Do you believe any of these myths about job searching?
1. Myth: You need connections in order to get a job.
Fact: Connections are helpful, but plenty of people get jobs by spotting an ad, sending in a resume, and interviewing. Sometimes it might not feel that way, because there are so many job-seekers competing for a limited number of jobs, which means most people are getting fewer interviews (and even fewer job offers). But plenty of jobs still go to people without connections at the company.
[See The 50 Best Careers of 2011.]
2. Myth: No one reads cover letters.
Fact: A well-written cover letter with personality can get you an interview when your resume alone wouldn’t have. Sure, there are some hiring managers out there who don’t bother with cover letters, but there are many who do, and you have no way of knowing which type you’re dealing with. With so many stories of cover letters opening doors that otherwise would have stayed shut, it would be foolish to pass up this incredibly effective way of standing out.
3. Myth: Employers will respond to you right away if they’re interested.
Fact: Some employers take weeks or even months to respond to candidates. Sometimes this is because they’re waiting until the end of the application period before they contact any candidates, and sometimes it’s because higher-priority work gets in the way. (Of course, sometimes it can also be because the company is disorganized.) Regardless of the reasons, job seekers shouldn’t jump to any conclusions if they don’t hear back right away.
4. Myth: In a crowded field, job seekers need to find creative ways to stand out.
Fact: If you want to stand out, write a great cover letter and build a resume that demonstrates a track record of success in the area the employer is hiring for. Fancy designs, having your resume delivered by overnight mail, video resumes, and other gimmicks don’t make up for a lack of qualifications.
5. Myth: Don’t bother job hunting around the holidays.
Fact: Lots of hiring gets done in December! In fact, some hiring managers are scrambling to fill positions before the new year. And you may even have less competition, since other job seekers may have slowed down their search at this time of year.
6. Myth: Your resume should only be one page.
Fact: At some point in the past, resumes were supposed to be limited to one page. But times have changed, and two-page resumes are common now. People with only a few years of experience should still stick to one page, but two pages are fine for everyone else.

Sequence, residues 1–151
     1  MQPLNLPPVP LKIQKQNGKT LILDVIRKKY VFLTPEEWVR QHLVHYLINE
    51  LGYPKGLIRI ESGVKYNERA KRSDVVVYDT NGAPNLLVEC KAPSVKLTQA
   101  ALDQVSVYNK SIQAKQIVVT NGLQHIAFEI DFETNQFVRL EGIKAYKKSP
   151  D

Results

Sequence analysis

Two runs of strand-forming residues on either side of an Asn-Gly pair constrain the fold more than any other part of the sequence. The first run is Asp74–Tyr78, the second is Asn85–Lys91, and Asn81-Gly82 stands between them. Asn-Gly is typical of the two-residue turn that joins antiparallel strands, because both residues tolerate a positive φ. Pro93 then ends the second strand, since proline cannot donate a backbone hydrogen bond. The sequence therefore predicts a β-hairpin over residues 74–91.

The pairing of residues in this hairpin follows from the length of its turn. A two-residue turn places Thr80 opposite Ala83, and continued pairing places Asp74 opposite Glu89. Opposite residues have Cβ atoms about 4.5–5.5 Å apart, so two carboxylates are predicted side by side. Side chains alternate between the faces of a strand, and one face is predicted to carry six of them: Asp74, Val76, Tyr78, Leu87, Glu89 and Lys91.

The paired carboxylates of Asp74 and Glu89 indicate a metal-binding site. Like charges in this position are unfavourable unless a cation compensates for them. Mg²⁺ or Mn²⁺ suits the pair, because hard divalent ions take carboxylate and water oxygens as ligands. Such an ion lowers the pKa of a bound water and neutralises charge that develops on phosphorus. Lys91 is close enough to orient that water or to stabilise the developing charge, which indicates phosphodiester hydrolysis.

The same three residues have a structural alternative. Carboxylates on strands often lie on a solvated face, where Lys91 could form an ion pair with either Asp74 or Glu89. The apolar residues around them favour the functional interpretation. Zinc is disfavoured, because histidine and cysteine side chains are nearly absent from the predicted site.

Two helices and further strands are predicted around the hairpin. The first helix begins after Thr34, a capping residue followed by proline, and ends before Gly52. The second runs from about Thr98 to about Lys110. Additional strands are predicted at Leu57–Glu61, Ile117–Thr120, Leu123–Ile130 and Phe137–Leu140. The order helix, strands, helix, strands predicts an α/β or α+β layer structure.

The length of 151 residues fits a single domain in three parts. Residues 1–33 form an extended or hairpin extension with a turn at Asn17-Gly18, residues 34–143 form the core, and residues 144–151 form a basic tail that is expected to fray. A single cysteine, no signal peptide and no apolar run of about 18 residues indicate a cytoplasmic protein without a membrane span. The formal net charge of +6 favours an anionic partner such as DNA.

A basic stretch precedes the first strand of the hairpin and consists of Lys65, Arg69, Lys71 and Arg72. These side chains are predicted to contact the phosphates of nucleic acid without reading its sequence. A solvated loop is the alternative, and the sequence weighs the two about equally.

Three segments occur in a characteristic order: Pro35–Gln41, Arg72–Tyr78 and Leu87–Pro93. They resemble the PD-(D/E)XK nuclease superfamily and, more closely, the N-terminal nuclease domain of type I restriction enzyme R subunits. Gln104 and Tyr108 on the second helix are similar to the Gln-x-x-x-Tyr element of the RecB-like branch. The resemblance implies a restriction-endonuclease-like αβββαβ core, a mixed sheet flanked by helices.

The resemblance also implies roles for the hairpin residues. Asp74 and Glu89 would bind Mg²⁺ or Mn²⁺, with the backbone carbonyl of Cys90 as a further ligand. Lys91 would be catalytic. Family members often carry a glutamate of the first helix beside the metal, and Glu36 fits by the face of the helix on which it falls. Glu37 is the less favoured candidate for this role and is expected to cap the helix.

7. Myth: Lowering your salary expectations will make you a more attractive candidate.
Fact: Employers are going to hire the best person for the job, within the limits of what they can afford. They aren’t likely to prefer someone else just because he or she comes cheaper.
8. Myth: Your interviewer knows what he or she is doing.
Fact: While interviewers should all be trained in how to interview effectively, the reality is that many are inexperienced, unskilled, or otherwise unable to conduct strong interviews. They may be unprepared, ask bad questions, or simply be rude.
9. Myth: If you want to stand out, you need to call to follow up on your application.
Fact: Most employers will tell you that these calls don’t help and sometimes hurt. These days, with hundreds of applicants for every opening, if every applicant called to follow up, employers would spend all day fielding these calls. Believe me, they don’t want to.
10. Myth: Employers will only call the references on the list you gave them.
Fact: Employers can call anyone you’ve worked for or who might know you, and good reference-checkers won’t limit themselves to the formal list of references you provide. They’ll call former managers, listed or not—and sometimes, especially those not listed, since they know the omission may have been intentional and thus notable. After all, the list you hand over is, of course, the people likely to present you in the most flattering light, and they want to see you in brighter lighting. The only thing typically considered off-limits in reference-checking is calling your current employer. Everyone else is fair game.
Alison Green writes the popular Ask a Manager blog where she dispenses advice on career, job search, and management issues. She's also the author of Managing to Change the World: The Nonprofit Leader's Guide to Getting Results and former chief of staff of a successful nonprofit organization, where she oversaw day-to-day staff management, hiring, firing, and employee development. She now teaches other managers how to manage for results.